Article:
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Am I My Body's Keeper?
By Michael Kaufman
Urim / 332 pp

There is nothing worse for our bodies than…food. Yes, between the additives and preservatives, combined with the inexcusably large portions which we eat --that our bodies do not need or want-- we are literally destroying our health one meal at a time. 

Add to this equation the fact that we are Orthodox Jews, making the situation even more alarming. We can’t get away from food. Whether it’s pat shacharit, three meals on Shabbos, Melaveh Malka, a vort, a bris, a wedding, a l’chaim, a Kiddush, a Friday “to'amei’ah” session, or a yartzeit tikkun, we are seemingly trapped into eating. And here’s my favorite: “I’m not sure if I had a kezayis, so please pass me some more [fill in a carbohydrate and fat saturated food] so that I can be sure I can say a bracha achronal…” And I didn’t even comment on the near total disinterest and disregard for exercise in the Orthodox community. (“…because it’s bittul Torah”)

As one who has lost about 50 pounds over the last number of years, I was extremely excited to get my hands on “Am I My Body’s Keeper?” Am I My Body’s Keeper goes into thorough detail about the importance of health, dieting, hygiene, and fitness that is virtually ignored in the Orthodox community (though it is getting better -- there are plenty of joggers and much weight loss here in Ramat Beit Shemesh, but not yet where it should be)

Am I My Body's Keeper contains teachings from sages new and old. There are excerpts from all the classical halachic and haskafic texts. The book is an urgent wake up call for us to realize that a healthy lifestyle is a mitzva d’oraisa, a biblical obligation like all others. Those who ignore this fact are, well, simply not fully Orthodox.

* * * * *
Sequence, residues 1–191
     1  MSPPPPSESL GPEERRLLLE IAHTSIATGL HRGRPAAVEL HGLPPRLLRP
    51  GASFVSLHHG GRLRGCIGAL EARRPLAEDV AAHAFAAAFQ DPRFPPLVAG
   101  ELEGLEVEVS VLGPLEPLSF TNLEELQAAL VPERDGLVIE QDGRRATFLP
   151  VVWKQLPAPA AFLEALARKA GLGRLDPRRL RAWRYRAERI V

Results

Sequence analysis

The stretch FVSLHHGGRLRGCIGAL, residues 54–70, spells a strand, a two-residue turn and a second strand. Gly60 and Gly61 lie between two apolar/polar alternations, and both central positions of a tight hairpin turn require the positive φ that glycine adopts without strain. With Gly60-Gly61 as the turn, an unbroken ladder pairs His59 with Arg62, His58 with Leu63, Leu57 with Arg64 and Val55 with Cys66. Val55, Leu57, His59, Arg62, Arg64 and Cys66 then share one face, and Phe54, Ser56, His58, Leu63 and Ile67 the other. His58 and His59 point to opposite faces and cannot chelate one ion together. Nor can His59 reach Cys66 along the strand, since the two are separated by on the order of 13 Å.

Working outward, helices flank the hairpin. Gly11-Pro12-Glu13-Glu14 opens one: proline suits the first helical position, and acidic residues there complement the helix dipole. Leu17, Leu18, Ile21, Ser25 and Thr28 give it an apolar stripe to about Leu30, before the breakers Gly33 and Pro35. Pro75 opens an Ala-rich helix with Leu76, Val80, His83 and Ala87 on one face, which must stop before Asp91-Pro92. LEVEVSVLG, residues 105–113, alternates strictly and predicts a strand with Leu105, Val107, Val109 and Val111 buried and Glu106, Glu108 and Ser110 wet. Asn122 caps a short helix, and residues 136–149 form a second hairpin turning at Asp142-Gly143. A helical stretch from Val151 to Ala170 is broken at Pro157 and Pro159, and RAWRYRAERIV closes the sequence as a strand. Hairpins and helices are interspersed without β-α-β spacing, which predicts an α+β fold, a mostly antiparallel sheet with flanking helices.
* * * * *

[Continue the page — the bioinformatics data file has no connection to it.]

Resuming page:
For those familiar with works of this genre, Am I My Body's Keeper is somewhat similar to Rabbi Yechezkel Aschayak’s  “To Your Health” (which certainly deserves a nice dose of credit for my weight loss and lifestyle change) though this work is a bit more thorough and slightly updated (in terms of medical findings and recomnendations). There are extensive endnotes which elaborate on the halachic, medical, and scientific citations in the book.

Some of the more obvious teachings in the book include (contrary to widespread “misconception”): there is no mitzva to eat ad nauseum on Shabbat. It is forbidden to smoke. Alcohol in moderation. Exercise is an obligation. Regular bathing is part of a Torah lifestyle. And the list goes on and on. The book is full of step-by-step tips to change your lifestyle for the better.

Am I My Body’s Keeper is a Torah work worthy of our study like all others. It is unquestionably one of the most urgent and needed works of Torah today.

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